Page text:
I am who I am, says transgender teenager
Something changed inside CaVon Raynor when he turned 13. Suddenly, he “just didn’t feel comfortable being a guy”. CaVon tried to push the feelings away but they grew stronger. “Up and out of the blue I just wasn’t comfortable in my body any more,” the 17-year-old said. “At 15 I spent more and more time thinking about it. I talked with my friends at school about changing genders but they weren’t particularly for it. My girlfriend at the time said if I did it, we couldn’t be together any more.”
Today, the teen regrets consulting them at all but back then, friends were a priority. The issue was put under wraps until after enrolment at Bermuda College last year.
Finally, the teen — who now uses the name Peyton — had space to be herself. It was time to start dressing more femininely and come to grips with being transgender and bisexual.
Peyton does not wear dresses or skirts but her jeans and tops have a decidedly feminine cut.
“A friend gave me my first bra,” said the teenager. “At first it was uncomfortable wearing it, but now I feel like I’m not dressed without it.
“In February I joined Raleigh Bermuda and we were in camp. I felt really comfortable and I told the group.
“People I’d spent just one day with were super supportive.” Peyton began posting photos while dressed in feminine clothing on social media.
“At first I kept those pages private, then I thought, ‘I am who I am’,” the teen said.
The posts were quickly spotted — not just by friends but also by family and friends of family.
Some were outraged and accused Peyton of disrespecting relatives. One person suggested the teenager should be beaten.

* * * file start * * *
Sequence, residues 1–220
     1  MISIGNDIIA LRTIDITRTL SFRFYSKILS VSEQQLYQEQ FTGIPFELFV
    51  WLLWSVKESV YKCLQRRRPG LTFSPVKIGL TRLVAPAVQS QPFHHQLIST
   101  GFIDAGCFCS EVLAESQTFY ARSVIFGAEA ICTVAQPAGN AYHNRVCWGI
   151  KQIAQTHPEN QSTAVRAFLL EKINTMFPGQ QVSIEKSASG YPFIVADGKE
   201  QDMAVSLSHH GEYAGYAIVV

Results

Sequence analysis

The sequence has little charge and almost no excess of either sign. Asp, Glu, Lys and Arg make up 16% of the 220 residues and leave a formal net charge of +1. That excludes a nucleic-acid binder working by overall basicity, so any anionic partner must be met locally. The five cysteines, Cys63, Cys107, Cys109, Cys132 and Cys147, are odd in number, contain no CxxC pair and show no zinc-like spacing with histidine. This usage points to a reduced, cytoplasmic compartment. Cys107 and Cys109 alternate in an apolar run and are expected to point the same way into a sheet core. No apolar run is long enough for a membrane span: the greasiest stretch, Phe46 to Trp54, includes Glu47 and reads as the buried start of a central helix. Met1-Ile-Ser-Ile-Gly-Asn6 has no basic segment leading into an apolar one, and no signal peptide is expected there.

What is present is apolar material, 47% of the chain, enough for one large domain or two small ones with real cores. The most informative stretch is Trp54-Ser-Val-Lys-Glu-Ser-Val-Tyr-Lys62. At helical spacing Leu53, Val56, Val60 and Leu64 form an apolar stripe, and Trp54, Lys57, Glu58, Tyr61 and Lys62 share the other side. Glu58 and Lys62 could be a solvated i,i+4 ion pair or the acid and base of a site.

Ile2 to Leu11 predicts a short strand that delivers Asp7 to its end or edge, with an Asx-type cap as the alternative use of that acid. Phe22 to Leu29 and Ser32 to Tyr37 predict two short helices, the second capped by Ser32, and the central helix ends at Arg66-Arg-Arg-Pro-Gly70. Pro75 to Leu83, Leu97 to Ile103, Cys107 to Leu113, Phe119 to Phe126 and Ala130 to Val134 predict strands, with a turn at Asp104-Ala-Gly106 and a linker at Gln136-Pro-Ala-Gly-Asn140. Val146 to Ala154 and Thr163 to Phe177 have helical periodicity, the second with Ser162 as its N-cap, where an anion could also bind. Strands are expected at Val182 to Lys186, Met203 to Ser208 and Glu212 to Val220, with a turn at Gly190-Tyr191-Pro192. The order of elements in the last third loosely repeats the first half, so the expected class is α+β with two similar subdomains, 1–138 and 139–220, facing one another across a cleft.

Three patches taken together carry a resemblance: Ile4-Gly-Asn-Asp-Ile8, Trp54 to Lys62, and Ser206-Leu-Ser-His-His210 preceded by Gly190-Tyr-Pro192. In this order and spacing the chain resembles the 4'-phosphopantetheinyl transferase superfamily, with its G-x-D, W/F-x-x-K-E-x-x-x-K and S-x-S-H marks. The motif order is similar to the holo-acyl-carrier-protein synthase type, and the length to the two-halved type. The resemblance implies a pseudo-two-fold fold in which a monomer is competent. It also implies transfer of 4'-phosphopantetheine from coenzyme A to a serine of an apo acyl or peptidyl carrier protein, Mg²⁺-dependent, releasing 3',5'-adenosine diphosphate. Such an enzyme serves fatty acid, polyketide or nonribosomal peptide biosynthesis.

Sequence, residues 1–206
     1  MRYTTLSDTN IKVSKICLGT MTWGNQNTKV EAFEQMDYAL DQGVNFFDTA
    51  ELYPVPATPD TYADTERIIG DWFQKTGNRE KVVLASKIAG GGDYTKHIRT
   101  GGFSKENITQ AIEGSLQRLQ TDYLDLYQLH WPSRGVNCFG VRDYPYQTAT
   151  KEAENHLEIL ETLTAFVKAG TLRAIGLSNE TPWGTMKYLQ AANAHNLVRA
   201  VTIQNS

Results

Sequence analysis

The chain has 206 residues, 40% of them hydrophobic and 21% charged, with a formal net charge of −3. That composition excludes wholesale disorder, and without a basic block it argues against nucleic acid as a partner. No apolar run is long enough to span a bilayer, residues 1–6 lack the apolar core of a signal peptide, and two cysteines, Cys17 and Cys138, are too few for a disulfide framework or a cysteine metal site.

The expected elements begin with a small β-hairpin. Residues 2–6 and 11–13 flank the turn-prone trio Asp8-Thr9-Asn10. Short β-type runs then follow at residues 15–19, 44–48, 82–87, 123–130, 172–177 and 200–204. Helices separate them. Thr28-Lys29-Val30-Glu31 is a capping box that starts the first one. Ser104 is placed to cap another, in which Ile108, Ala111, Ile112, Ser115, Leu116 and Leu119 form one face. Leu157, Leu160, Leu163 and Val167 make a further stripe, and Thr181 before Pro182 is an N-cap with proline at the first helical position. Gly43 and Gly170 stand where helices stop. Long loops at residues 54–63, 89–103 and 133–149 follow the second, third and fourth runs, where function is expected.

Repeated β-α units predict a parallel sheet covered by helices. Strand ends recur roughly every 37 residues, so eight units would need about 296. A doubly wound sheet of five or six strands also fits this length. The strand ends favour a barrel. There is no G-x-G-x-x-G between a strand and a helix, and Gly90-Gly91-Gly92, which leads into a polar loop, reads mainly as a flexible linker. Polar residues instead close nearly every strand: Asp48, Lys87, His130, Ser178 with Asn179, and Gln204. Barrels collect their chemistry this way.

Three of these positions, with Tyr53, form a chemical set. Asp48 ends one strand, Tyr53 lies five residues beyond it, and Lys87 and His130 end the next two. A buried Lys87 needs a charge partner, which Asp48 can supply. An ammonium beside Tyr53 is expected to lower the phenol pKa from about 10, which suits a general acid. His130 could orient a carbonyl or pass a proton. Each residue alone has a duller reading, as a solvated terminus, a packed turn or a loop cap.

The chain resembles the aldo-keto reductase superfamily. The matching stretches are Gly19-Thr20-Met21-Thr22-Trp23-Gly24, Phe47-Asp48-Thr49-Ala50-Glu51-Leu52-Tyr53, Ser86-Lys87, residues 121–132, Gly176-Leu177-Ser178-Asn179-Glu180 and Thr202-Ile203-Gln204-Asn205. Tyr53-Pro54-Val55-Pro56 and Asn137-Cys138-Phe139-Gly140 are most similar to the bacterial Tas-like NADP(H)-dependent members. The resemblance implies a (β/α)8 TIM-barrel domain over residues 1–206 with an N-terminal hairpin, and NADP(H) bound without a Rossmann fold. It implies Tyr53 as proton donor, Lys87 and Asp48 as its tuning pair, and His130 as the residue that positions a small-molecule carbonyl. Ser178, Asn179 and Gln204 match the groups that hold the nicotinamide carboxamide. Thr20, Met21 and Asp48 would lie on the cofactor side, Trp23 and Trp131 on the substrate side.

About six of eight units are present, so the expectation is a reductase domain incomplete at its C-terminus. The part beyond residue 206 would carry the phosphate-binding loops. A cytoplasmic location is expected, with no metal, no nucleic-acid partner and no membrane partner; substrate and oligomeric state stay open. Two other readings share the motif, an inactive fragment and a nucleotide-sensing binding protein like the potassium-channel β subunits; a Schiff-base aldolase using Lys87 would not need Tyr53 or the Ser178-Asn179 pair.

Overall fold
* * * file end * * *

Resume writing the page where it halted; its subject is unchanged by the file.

“It was a very difficult time,” Peyton said.
But nothing they did made the teenager hide back in the closet. The teenager is determined to embrace life, no matter what people think.
Peyton has found friends inside and outside the LGBTQ community in Bermuda who provide emotional support.
“When it comes to matters of sexuality I don’t think it is much of a choice,” the teenager said.
“You are attracted to who you are attracted to. Whether you are 4 or 40 you can’t decide on that. The way your brain works and is wired, it is like that because that’s the way it is.
“When it comes to gender, a lot of what we see as gender behaviour is socially constructed.”
The teenager adopted the name Peyton last year.
“I never liked CaVon,” the student said. “Peyton suits me better and it’s more androgynous.”
Again, some negative feedback was received from family members. “People were talking behind my back,” Peyton said.
But she insisted she had nothing to be ashamed of.
“I’d rather receive backlash for being who I am than be accepted for who I’m not or who I’m pretending to be,” she said.
One day the teenager would like to have sexual reassignment surgery. For now, it is out of the question.
“It’s pretty expensive so it would probably be a while before I could afford that,” Peyton said.
“I know the road to get there will be rough, but it will be worth it in the end.”
The teenager is thrilled that Bermuda might finally be taking steps forward in its acceptance of LGBTQ issues.
Winston Godwin and Greg DeRoche’s landmark ruling last month paved the way for same-sex marriage.
“I was at a friend’s house when I got a message about it on my phone,” Peyton said. “I just couldn’t believe it. I started tearing up.
“Then me and my friend screamed because we were so happy that it was finally a thing. Bermuda managed to progress that one step, rather than just being stuck the way it was. I am all for it. I am super happy for the couple involved.”
The teenager joined in with the LGBTQ community’s counter-protest to Preserve Marriage’s rally at Parliament last week.
“I forgot my camera that day,” Peyton said. “But I just wanted to enjoy the moment anyway.”
The teenager is planning to move overseas when she is old enough to pursue career opportunities.
“I want to travel and do photography or film-making,” the art and design student said. “A National Geographic photographer would be the ideal job. I love nature. The move wouldn’t be because Bermuda is so conservative. No matter where you go you can get people who object to the way you live.”
Right now, Peyton is looking forward to going to Nepal with Raleigh Bermuda next month.
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